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I've recently has some pictures developed at a well known photographic store (i'm being politically correct) and to be honest the quality is atrocious. The colours seemed out of sync and they we're blury and loads of noise.
All the photo's had been cropped and sharpened in Elements. My uploads look fine as they do on my hard drive but the prints are awful.
Have I just had a bad batch of prints or has the cropping and sharpening caused my problem and if so how do I rectify this. Any help on this matter would be greatly appreciated.
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An image with just 72 pixels per inch can look great as a web image or on your monitor, but awful if printed. An image for printing should be 300ppi or certainly a lot closer to 300 than 72.
Excessive cropping and sharpening can ruin an image that is to be printed.
Capto, I'm sorry but that's rather misleading. Stop talking about ppi and talk about resolution.
Quote: All the photo's had been cropped
Ok, what was the the cropped resolution - how many pixels wide by how many high?
And what size prints did you get?
without checking I don't know the cropped resolution etc but the prints were 7x5
Thinking about images that you put onto disc / card / stick to get printed we need to know the pixel dimensions. For example your epz uploads are 600 pixels by 400 pixels. In printing that's barely enough pixels for a decent 3" x 2" print. Sometimes you need 300 pixels for every inch you want to print. So for a 7" x 5" print ideally you'd have a digital image of 2100 x 1500. ([7x300] x [5x300]).
It's possible to print with less pixels but they'd need to be spaced further apart or software has to invent new pixels to fill in the gaps (interpolation). Real pixels and less gaps make better prints.
I'm really confused now, how do I increase the pixels?
In Elements, you need to use Edit - Resize Image and enter the size you want in pixels, and select 'Resample'.
Of course the more you have cropped down in the first place the poorer the end result will be.
When you crop initially, you can enter the dimensions in pixels and it will resize automatically.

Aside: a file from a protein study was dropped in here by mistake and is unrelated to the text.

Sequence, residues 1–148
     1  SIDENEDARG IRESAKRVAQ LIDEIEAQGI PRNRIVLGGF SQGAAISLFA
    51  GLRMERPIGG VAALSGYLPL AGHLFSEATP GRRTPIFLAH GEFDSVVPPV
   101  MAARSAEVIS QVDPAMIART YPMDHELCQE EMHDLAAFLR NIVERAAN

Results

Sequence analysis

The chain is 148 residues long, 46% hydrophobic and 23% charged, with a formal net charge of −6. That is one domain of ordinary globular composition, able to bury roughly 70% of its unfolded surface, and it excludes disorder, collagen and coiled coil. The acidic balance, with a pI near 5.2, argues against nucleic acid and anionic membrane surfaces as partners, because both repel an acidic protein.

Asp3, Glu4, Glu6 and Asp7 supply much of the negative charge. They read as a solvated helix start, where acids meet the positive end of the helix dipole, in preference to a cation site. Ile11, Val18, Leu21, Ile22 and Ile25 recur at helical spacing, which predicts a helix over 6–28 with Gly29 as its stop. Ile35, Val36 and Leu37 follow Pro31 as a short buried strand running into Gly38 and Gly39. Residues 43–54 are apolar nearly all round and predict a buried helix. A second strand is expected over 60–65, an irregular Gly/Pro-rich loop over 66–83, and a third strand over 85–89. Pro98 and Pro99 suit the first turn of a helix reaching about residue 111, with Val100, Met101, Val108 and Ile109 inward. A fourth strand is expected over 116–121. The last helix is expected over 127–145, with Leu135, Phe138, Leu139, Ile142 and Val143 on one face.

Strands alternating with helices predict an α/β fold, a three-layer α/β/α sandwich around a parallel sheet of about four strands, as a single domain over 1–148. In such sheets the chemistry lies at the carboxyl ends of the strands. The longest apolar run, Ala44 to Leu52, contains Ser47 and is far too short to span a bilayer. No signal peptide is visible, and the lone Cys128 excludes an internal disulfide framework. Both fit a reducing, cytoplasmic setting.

Thanks Sabreur, i've resized and now got 5x7's with more then 300ppi so gona get them printed and see if it works.
Did you resize the ones you uploaded here back up, or did you start again with your original file? Starting with the original file would give better results.
I started the original file, cheers
After taking a trip to a different printers I can comfirm that although some of the photographs were less than 300ppi the difference in printing quality is unbelievable. The first batch were in fact ****. But thanks especially to Sabreur for your comments and advice.
Quote: All the photo's had been cropped and sharpened in Elements. My uploads look fine as they do on my hard drive but the prints are awful.
There are a lot of questions.
Is your monitor colour managed? ( can you be sure the colours you see on screen are correct)
What colour space do you use(aRGB, sRGB etc)?
What colour space does the lab use?
What paper is it, again is the correct Profile applied (tho your lab should know this)?
You say Its sharpened, is this for the web or for print (they have completely different requirements)
My advise is to talk to the lab they are normally very helpful.
One thing just a quick look at your pf, I wouldn't be surprised if the reds in particular have real problems as they are probably have problems with the gamut ( highly saturated colours can be difficult to print ).
Quote: In Elements, you need to use Edit - Resize Image and enter the size you want in pixels, and select 'Resample'.
Quote: Thanks Sabreur, i've resized and now got 5x7's with more then 300ppi so gona get them printed and see if it works
Don't resample. Start with your original images, crop then print. Let lab/printer software upsample the image if there aren't enough pixels.
Why do I say that?
If you aim for 300ppi and PS invents new pixels to reach that goal [resamples] but the lab actually prints at 240ppi (lot of commercial labs do) pixels will be thrown away before printing. Some of them will have been real pixels from the camera others interpolated pixels invented by Photoshop. Your original image might have had enough pixels for a 240ppi print anyway and it's always better when possible to use real pixels.
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